|Publication number||US3767474 A|
|Publication date||Oct 23, 1973|
|Filing date||Sep 22, 1971|
|Priority date||Sep 22, 1971|
|Publication number||US 3767474 A, US 3767474A, US-A-3767474, US3767474 A, US3767474A|
|Original Assignee||Cohn C, Cohn S|
|Export Citation||BiBTeX, EndNote, RefMan|
|Patent Citations (3), Referenced by (6), Classifications (10)|
|External Links: USPTO, USPTO Assignment, Espacenet|
Ilnited States Patent 1 Cohn [ 1 Oct. 23, I973 SEALING METHODS AND COMPOSITIONS FOR ALUMINUM OXIDE COATINGS  Inventor: Charles C. Cohn, Atlantic City, NJ.
 Assignees: Samuel L. Cohn; Charles C. Cohn, Philadelphia, Pa.
22 Filed: Sept. 22, 1971 21 Appl. No.: 182,909
 US. Cl 148/6.l, 148/627, 204/35 N  Int. Cl. C23f 7/06  Field of Search 148/61, 204/35 N,
 References Cited UNITED STATES PATENTS 3,171,797 3/1965 Klingenmaier 204/35 N Tosterud 204/35 N Treiber l48/6.l X
Primary Examiner-Ralph S. Kendall Attorney-Smith, Harding, Earley & Follmer  ABSTRACT 8 Claims, N0 Drawings SEALING METHODS AND COMPOSITIONS FOR ALUMINUM OXIDE COATINGS BRIEF SUMMARY OF THE INVENTION Much used are porous coatings on aluminum (which term is here used to include its alloys) which coatings largely comprise hydrated aluminum oxide and are produced either electrolytically (i. e., by anodizing) or chemically. These coatings have various purposes: protection against abrasion, dye absorption, etc. For many uses, however, these porous oxide coatings require sealing to close their pores. For example, if they are colored by adsorption of dyes, sealing is quite generally required to prevent the dye from being removed by contact of the product with liquids or by atmospheric action; conversely, if the coating isuncolored, or colored by dyes or pigments, it must be protected against being stained by other substances such as foods or drinks, or the like. But an important aspect of sealing even in addition to the foregoing is to avoid corrosion by exposure to the weather, particularly to atmospheric conditions when salt, acids or heavy metals are present, as in the case when aluminum isused architecturally, in vehicles, on shipboard, or the like.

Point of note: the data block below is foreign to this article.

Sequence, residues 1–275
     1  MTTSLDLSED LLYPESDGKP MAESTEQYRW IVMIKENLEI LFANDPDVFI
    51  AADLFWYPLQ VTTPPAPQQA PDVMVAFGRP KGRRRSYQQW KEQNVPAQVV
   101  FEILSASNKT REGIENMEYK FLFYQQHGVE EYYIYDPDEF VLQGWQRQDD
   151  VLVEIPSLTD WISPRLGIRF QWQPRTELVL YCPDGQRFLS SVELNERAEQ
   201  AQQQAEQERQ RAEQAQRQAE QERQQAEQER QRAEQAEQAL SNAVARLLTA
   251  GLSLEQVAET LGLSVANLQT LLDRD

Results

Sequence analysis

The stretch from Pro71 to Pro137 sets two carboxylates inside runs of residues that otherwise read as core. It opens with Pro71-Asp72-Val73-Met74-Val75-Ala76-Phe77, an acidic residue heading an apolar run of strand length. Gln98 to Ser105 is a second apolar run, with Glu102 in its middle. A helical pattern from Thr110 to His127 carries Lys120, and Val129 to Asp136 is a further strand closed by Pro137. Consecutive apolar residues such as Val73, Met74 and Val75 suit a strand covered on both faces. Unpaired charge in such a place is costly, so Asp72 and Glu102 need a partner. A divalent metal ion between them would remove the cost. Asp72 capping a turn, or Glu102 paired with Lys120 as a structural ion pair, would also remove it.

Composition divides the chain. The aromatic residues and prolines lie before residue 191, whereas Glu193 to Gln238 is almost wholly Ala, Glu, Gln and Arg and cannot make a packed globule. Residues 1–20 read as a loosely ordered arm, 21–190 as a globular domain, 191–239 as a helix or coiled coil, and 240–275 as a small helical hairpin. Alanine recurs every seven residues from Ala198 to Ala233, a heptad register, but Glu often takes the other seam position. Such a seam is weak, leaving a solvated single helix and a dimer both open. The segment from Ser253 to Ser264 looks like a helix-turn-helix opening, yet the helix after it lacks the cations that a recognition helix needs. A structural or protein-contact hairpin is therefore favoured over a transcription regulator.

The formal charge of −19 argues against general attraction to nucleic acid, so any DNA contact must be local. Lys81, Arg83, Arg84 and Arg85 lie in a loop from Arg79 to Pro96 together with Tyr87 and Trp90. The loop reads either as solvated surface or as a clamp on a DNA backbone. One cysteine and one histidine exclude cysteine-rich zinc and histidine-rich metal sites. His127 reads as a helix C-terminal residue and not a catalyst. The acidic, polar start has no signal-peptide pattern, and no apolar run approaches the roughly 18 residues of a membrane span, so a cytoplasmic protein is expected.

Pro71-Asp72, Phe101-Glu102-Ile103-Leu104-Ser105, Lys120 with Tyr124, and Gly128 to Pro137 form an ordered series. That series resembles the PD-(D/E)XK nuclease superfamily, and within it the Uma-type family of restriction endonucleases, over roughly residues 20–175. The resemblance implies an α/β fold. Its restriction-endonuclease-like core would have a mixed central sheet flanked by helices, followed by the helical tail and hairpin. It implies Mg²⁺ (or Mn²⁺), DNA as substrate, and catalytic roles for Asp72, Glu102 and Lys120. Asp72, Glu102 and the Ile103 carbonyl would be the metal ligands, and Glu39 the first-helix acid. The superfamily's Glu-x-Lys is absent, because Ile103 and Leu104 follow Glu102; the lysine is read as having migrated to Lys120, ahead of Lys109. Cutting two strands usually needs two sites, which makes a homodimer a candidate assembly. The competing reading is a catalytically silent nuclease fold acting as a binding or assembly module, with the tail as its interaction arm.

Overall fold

A great number of sealing procedures are known and need not be described except for certain more advantageous ones improved in accordance with'the present invention.
One of the sealing procedures heretofore available is that of Klingenmaier US. Pat. No. 3,171,797, dated Mar. 2, 1965 to which reference may be made for details. In brief, porous aluminum oxide coatings are treated with a solution of disodium 4-dodecylated oxydibenzene sulfonate. As a result of sealing with this compound a fair degree of resistance to pit corrosion (but not to staining or acid solution) is achieved. Because of numerous references to the above-mentioned compound hereinafter, it will be conveniently referred to as DDOS.